TALLAHASSEE, Fla. – A fiery kindergarten teacher squared off against Florida lawyers Monday as a lawsuit challenging the adequacy of the state's school funding entered its third week.
Gainesville kindergarten teacher Susan Bowles told an attorney for the state Monday that her students used to spend more time preparing for the test than the attorney spent getting ready to take his law school admission test.
In 1998, voters tired of underperforming schools added language to the state constitution, saying it is a paramount duty of the state to provide a high quality system of free public schools.
The lawsuit, started in 2010, is entering its third week. Bowles was on center stage. In 2014, she refused to give her students a state standardized test.
Within weeks of Bowles' refusal, the state suspended the tests for all kindergartners. Bowles told the court the tests were eating up valuable classroom time.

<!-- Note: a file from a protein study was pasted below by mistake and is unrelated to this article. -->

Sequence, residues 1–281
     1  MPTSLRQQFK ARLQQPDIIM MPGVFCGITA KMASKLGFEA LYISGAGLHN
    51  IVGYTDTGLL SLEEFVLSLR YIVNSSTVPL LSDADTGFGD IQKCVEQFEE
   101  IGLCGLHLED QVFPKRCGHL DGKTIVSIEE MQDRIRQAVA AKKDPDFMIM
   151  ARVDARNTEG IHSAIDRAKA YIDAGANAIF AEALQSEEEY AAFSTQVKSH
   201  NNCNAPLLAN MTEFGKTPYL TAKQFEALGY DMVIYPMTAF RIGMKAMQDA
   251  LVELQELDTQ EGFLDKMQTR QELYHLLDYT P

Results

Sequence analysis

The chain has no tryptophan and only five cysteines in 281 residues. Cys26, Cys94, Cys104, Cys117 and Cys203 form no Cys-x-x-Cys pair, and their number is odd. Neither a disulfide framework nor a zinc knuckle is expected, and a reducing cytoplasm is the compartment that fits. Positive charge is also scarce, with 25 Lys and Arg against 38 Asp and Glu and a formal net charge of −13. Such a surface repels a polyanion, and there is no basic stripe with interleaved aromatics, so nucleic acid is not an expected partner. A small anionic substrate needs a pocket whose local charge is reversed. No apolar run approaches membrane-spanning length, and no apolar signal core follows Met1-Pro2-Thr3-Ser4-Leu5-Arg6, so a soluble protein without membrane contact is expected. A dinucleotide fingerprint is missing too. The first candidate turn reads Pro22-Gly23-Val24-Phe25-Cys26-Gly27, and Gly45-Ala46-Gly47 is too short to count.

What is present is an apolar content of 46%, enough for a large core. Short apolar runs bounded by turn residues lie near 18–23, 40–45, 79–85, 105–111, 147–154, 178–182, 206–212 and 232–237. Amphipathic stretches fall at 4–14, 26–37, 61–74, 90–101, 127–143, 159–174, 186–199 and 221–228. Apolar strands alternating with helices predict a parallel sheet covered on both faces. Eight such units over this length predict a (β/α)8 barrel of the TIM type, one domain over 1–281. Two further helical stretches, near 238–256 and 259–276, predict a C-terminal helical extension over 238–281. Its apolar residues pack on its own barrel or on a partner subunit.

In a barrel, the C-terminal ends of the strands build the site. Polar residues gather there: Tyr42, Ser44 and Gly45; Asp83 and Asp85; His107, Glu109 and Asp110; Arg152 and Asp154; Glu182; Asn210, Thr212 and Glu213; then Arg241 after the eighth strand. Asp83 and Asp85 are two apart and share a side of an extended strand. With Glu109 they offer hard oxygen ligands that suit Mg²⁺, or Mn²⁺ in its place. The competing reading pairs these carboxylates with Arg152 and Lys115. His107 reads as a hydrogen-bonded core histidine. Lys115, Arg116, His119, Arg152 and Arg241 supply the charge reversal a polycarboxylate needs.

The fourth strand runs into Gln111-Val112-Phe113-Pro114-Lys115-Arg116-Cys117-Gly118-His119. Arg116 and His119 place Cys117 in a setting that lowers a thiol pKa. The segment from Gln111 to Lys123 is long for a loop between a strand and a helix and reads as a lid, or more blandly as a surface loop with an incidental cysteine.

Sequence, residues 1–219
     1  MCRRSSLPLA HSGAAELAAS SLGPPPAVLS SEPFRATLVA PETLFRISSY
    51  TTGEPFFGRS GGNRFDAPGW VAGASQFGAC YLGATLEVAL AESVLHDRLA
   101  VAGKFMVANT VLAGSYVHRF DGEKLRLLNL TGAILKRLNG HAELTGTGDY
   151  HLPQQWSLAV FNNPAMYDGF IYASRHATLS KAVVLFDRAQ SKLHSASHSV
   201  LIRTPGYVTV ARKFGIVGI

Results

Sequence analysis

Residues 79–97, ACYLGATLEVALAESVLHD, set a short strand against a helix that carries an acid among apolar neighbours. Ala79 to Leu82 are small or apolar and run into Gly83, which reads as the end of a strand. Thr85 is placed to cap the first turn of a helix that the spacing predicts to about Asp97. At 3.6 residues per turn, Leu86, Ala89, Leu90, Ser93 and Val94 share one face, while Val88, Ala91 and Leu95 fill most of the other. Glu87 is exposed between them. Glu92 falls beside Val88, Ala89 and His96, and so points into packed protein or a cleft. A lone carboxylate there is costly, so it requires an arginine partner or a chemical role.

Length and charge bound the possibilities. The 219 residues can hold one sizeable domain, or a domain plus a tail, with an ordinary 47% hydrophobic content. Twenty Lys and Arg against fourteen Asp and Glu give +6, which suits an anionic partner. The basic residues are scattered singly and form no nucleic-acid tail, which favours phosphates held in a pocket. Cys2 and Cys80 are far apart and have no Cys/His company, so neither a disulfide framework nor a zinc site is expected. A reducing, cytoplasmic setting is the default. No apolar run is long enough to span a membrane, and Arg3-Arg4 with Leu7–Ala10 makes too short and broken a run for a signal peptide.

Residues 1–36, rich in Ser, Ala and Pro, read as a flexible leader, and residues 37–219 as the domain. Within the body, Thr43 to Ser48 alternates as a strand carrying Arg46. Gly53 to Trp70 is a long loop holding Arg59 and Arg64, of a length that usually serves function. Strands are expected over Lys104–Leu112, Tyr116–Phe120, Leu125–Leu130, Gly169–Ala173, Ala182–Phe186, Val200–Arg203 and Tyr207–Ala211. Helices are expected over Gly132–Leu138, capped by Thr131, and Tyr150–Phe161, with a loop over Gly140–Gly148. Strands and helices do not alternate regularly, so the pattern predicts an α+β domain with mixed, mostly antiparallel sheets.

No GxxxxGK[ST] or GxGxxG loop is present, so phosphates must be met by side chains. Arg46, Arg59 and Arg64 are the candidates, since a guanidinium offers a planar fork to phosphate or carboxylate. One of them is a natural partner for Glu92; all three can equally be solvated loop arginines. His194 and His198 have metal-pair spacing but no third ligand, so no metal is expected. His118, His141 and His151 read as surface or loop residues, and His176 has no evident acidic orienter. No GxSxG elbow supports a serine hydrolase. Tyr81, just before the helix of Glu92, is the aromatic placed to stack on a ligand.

"You have to wonder if all this testing wasn’t taking place, how much of that money could be used in appropriate ways in the classroom," Bowles said.
Lawyers also questioned the regional director of school improvement who oversees five underperforming Pinellas County Schools.
"Maximo has been an 'F' school for four years in a row," said Circuit Judge George Reynolds. "It’s a priority and they are in the implementation stage of a turnaround plan? That's pretty bleak"
Attempts to use fewer, and nationally-standardized, tests failed during the recent legislative session. But during the debate, lawmakers acknowledged the state is spending more than $100 million per year on tests alone.